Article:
Now for the big reveal. All of the film versions that I remember were updated adaptations of the original work. The Invisible Man? I had no idea that the main character was so demoralized by his self-induced fate that he decides to take it out on the entire world. He turned out to be Lex Luthor, for God's sake. Mean just to be mean. What an eye opener. He seemed harmless enough in the Abbott and Costello movie, and I left it at that. But Wells shows through excellent character development how this man (told in first person) begins to deteriorate slowly as he desperately tries to figure out what he did to get in that state in the first place. Wells was a writer of contemporary fiction a la 1890s, and the descriptions he gives of the environment and the people who come across the invisible man are sensible for the 19th century and when placed in that context it was gripping, to say the least.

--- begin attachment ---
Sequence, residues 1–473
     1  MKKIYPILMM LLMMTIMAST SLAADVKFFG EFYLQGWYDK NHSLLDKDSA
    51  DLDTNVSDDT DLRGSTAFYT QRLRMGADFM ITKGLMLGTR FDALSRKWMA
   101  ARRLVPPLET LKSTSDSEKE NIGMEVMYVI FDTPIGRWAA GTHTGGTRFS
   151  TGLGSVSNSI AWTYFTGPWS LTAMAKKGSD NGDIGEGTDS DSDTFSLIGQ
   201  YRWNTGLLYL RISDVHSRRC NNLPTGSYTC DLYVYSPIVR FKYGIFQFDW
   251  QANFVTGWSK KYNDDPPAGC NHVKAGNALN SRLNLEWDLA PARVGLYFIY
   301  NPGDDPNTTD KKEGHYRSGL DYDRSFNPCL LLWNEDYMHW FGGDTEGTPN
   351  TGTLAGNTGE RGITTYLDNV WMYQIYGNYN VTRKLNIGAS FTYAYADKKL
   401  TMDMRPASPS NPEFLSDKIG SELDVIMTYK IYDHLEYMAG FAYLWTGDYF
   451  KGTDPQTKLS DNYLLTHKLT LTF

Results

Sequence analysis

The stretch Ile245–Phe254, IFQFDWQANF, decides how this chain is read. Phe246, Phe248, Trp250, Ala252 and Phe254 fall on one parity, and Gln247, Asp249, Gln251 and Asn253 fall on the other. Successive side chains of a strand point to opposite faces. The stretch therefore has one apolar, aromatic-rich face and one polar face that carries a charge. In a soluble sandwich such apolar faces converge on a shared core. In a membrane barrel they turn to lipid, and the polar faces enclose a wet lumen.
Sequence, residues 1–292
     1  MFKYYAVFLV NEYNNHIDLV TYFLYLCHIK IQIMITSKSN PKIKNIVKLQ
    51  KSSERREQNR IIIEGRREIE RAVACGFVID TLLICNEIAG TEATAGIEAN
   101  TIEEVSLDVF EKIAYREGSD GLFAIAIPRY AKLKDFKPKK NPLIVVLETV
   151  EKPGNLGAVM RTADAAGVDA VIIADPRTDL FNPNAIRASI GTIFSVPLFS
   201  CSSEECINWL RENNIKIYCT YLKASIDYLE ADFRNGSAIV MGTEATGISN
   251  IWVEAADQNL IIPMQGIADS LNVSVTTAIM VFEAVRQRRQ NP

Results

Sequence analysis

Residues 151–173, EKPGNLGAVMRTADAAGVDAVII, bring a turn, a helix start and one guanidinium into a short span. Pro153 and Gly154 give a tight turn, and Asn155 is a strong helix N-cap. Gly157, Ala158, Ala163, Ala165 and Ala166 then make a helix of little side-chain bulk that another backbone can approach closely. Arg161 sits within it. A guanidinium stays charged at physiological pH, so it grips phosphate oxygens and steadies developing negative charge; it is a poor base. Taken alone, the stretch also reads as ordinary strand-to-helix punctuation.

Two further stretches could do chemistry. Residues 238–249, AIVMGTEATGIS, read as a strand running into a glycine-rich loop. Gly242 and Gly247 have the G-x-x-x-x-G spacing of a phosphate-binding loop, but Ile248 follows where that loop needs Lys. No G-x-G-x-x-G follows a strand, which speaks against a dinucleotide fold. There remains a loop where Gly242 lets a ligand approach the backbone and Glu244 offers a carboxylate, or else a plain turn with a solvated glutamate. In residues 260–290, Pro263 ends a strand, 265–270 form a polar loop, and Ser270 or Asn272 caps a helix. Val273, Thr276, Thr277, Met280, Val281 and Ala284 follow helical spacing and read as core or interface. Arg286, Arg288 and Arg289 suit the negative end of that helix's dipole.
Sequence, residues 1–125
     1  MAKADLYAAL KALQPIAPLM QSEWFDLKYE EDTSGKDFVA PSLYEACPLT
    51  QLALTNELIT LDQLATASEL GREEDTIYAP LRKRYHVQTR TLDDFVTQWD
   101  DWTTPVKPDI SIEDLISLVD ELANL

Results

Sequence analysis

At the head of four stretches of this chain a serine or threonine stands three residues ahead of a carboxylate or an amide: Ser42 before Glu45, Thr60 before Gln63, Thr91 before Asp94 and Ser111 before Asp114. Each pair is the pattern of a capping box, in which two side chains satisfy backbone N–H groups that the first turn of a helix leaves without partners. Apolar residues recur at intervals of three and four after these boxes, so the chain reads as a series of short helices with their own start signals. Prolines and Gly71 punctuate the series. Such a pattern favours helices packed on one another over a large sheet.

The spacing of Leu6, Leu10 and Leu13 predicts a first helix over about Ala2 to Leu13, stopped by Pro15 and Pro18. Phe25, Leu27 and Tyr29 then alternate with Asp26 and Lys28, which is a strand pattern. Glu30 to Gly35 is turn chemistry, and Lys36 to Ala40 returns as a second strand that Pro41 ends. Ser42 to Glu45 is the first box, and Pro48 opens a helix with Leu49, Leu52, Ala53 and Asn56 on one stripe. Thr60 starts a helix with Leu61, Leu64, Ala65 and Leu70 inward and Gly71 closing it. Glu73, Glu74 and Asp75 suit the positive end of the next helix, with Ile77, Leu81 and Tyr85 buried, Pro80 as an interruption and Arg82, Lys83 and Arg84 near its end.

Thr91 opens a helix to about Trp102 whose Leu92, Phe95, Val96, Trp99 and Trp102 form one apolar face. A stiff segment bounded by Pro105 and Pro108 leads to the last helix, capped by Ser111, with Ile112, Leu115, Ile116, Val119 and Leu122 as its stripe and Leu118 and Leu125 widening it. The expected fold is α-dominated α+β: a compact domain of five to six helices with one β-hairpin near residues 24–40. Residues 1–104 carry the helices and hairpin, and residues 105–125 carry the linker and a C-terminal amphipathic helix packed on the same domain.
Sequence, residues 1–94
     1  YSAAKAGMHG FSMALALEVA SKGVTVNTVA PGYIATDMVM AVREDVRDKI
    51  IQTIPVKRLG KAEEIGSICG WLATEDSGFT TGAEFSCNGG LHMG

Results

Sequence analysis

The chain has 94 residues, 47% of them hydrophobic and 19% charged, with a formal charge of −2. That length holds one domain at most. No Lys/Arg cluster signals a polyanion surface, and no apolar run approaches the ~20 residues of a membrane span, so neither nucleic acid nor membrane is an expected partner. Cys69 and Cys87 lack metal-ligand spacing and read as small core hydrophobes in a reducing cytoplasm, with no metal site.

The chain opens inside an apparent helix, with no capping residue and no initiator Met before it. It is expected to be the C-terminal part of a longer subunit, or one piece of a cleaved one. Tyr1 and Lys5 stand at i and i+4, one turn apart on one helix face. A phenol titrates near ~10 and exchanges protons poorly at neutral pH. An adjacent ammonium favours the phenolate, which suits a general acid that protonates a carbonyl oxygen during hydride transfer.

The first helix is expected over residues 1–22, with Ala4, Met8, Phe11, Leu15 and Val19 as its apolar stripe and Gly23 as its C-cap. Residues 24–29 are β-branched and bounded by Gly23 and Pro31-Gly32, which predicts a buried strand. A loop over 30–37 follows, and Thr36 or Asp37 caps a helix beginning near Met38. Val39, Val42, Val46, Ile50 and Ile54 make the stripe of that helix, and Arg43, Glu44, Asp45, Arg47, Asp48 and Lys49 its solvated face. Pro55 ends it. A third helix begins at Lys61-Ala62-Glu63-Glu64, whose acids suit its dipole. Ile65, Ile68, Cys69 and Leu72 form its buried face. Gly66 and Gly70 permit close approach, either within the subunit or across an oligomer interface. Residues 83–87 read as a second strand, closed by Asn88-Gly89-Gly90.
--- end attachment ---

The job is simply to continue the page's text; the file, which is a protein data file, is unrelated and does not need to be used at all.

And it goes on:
War of the Worlds is another story that has been corrupted over the last century. Although 1956s version is FAR superior to the more modern costly digital disaster, neither of them puts the story in its time perspective. London - 1895. Horses and carts, No huge buildings, largely an agrarian population, and the ability to stand on a hill and look over the city. The descriptive passages were amazing. I felt the angst of this man as he struggles, along with everyone else, to figure out what the hell is going on. Instantly, the entire city is in turmoil, with no relief in sight. Although we know the ending, the narration of the desperate lengths the main character goes through, the descriptions of the bodies left everywhere, dogs chewing at corpses, people fighting and robbing each other for anything and everything, and this man doesn't know what has happened to his wife. No film version can adequately depict the two weeks that he hid in the collapsed cottage, with the Martians at arm's length just outside the rubble.